Strengths And Weaknesses Of The Media

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A videogame that helps you become a master of multitasking seems like an idea from a science-fiction movie. Nature put out an article talking about such a videogame named “NeuroRacer” that helps neuroscientists target certain brain activities and is in its primitive stages. The three-part experiment lead to promising, but not definitive results. An article published in the Atlantic has an author who partook in the study, but overexaggerates the importance and gives underwhelming criticism of what the Nature study lacks.
Scientific Study
CRITERIA: The paper provides a clear and accurate summary of the most important aspects of the research: the research question(s), hypotheses, methods, results (tied back to hypotheses), and implications/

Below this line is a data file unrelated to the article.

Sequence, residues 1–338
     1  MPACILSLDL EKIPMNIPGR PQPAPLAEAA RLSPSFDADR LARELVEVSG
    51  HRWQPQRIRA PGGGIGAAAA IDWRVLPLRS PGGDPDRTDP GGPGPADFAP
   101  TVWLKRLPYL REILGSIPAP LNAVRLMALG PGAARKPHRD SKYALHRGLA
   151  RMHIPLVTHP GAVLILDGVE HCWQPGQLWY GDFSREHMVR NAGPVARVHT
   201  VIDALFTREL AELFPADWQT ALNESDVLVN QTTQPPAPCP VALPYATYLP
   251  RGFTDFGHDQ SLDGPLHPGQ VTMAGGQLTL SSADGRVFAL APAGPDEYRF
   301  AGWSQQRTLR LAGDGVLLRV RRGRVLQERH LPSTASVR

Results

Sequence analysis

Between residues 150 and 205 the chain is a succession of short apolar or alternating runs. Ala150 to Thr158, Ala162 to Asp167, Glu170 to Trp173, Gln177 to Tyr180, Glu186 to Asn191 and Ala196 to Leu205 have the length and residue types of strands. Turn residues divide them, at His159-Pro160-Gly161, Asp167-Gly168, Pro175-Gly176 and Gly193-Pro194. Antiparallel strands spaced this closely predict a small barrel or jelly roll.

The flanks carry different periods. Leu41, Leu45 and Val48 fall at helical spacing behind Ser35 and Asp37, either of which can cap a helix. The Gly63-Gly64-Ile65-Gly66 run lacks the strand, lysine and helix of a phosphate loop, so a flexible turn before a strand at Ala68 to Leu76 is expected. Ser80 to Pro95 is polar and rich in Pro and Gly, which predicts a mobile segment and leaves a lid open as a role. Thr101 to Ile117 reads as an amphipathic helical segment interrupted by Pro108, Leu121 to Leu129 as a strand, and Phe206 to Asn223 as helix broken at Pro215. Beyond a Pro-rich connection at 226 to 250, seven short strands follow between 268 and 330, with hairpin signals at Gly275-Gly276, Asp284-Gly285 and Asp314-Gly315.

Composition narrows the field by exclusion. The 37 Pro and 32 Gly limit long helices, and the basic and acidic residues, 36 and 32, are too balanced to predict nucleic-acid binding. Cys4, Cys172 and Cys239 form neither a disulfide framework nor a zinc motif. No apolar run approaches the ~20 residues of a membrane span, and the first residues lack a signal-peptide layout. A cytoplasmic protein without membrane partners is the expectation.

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The paper clearly identifies several strengths and/or weaknesses of the media article’s portrayal of the scientific research, and each claim is backed up by evidence. should critically evaluate the way in which the media article presents the scientific study. In laymen’s terms, this media article sensationalizes the findings from this article when the research itself has some issues. The first problem is that in the first paragraph of the media article, the author portrays a world of technology that has constant distractions, and that this game will be the savior of a “war on disruption.” Describing the results as “building blocks” in the next section, it’s confounding to say that this videogame is a saving grace to disruption. The results also become skewed by describing when a 79-year old who had been training outperformed a 20-year old who had not. Later in the article the idea of “transfer effect” is brought to light as being the reason this research is important but fails to describe how the outstanding 79-year old only had an outcome in the game and not in displaying the transfer
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